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PostPosted: Wed Jan 24, 2007 12:09 pm 
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I guess this working group is the right one although we probably need some wider feedback about this.

I think there are 3 problems with the Mac that we're using as jukebox in the cafe right now:

1. There's no backup of the music, as far as I know. When the Mac has a hardware failure (Apple is known for good quality hardware, but I do mean when) then all the music will possibly be lost forever. Has there ever been a backup made?

2. We are using Mac OS X and particularly iTunes which are Proprietary/Non-Free Software. I care about this and think we should not use this software on principle.

It might not be so important with the Mac that is locked away in a cupboard, BUT whenever an artist gives us a CD and we rip it using iTunes it is probably storing that music in a hideous proprietary file format. This means that iTunes encodes the music in such a way that only software produced by Apple can use the music. This is a corporate tactic known as Vendor Lock-In: once you have a large collection of music that you can only play on Apple software, then you become dependent on Apple.

This is potentially very shit, because if our Mac should stop working, even if we had a backup of the music, we might not be able to play any of our music until we got another Mac, not a PC.

Ofcourse, there are ways around the problem, we could probably find a way to convert the music into a free format that can be played on any computer with freely available software. Ogg Vorbis is a free audio format.

3. When you rip a CD with iTunes, iTunes decides what to name the files, and where to put them, probably creating a huge mess. Not such a big deal, but annoying.

A friend of mine, Erik, has an Apple laptop and has offered to use it to backup all the music from the jukebox. We would copy all the music to his laptop, then burn it to DVDs. We might also convert it to a free format while we're at it. That would solve problem 1. Does anyone know roughly how much music (in GigaBytes) is on there?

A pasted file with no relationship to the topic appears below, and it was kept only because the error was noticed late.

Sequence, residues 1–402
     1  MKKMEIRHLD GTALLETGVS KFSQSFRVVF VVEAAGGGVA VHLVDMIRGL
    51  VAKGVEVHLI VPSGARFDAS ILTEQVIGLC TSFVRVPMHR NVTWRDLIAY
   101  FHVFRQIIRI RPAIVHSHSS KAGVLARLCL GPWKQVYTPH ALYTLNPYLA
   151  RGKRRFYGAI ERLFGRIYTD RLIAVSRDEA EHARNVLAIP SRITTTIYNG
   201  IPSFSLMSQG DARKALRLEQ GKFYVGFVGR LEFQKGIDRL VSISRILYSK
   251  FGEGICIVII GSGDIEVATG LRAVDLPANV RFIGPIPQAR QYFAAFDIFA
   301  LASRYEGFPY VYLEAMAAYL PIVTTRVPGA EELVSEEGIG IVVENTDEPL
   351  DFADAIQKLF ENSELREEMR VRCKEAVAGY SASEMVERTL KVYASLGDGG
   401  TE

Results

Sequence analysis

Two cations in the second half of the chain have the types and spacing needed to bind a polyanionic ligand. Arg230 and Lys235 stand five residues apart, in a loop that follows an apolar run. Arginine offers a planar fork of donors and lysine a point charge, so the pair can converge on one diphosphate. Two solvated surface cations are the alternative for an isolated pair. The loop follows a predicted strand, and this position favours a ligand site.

As for problem 2, there are two things we could do:

1. Get a decent spec PC, install Ubuntu on it, put the music on that, and put it where the Mac is. Move the Mac downstairs as a backup. We can both play and rip music easily with Ubuntu. This disadvantage of this option is we will probably have to spend money to get a computer, though not much.

2. Install Ubuntu on the Mac, which according to Erik is child's play and exactly like installing Ubuntu on a PC, so should not cause any problems. This would not cost us anything. The disadvantage is that if something goes wrong, not that I think it would, but if something went wrong and Ubuntu was not doing the job, we wouldn't simply be able to bring the Mac back upstairs and use it as before. We could however reinstall OS X if we had to, as I think we have an OS X CD.

I realise that the jukebox is needed to play music all day every day and has always just worked, and must continue to do so, so I think it's important to do any change with no disruption. Ubuntu is very reliable -- as far as I know the two Ubuntu machines in the cafe, which are running on really crappy scavenged old hardware, have never crashed.

How do people feel about this?


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PostPosted: Wed Jan 24, 2007 4:13 pm 
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Totally agree with what's here, my only worry is possible loss of sound quality converting to ogg. Nothing against ogg, but it's always a issue coverting between compressed formats. My only experience is ogg to mp3 (to make stuff work on an ipod) and the result wasn't great.

I think if we're backing up we should keep copies in the existing format as well as converting, unless someone knows of conversion software that really is spot on fidelity wise.